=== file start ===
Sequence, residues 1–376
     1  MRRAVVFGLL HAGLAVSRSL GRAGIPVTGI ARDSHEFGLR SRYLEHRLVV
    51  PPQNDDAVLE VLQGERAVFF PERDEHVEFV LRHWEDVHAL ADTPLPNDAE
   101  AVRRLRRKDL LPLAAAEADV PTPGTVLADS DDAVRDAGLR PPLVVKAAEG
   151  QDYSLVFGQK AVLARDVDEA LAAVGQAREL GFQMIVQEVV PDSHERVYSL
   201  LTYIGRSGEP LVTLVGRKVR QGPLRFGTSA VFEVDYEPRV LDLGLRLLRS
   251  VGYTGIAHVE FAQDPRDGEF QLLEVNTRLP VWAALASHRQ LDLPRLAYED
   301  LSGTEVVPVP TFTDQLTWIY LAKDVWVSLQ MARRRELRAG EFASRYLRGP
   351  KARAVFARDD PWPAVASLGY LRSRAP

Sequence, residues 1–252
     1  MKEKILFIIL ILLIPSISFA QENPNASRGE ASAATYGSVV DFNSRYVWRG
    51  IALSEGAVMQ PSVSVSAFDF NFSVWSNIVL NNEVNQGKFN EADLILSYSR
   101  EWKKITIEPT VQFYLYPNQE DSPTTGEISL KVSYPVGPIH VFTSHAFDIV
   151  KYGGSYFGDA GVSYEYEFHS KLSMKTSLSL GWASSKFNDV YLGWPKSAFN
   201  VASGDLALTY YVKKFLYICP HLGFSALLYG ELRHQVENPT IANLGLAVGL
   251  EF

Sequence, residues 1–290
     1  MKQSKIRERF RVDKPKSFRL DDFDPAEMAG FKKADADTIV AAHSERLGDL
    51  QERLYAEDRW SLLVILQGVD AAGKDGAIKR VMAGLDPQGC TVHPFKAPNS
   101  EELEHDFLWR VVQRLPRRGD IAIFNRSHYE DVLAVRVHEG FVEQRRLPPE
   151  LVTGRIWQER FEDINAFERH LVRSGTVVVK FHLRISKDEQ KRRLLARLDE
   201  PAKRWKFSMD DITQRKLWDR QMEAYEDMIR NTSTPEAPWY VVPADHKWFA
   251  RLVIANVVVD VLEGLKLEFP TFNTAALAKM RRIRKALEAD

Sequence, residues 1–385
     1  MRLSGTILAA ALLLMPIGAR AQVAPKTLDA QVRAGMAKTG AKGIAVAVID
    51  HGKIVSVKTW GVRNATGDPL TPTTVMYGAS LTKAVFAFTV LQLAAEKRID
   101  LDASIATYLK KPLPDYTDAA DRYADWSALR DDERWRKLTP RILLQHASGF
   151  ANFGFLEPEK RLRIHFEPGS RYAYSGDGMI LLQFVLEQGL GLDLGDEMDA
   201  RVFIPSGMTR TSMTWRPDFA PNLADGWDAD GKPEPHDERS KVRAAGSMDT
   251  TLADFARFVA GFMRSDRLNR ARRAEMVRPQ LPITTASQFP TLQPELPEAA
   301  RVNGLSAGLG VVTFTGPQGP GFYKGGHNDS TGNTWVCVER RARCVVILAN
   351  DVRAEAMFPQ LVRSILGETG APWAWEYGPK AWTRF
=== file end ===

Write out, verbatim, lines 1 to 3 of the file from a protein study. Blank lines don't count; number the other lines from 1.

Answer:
Sequence, residues 1–376
     1  MRRAVVFGLL HAGLAVSRSL GRAGIPVTGI ARDSHEFGLR SRYLEHRLVV
    51  PPQNDDAVLE VLQGERAVFF PERDEHVEFV LRHWEDVHAL ADTPLPNDAE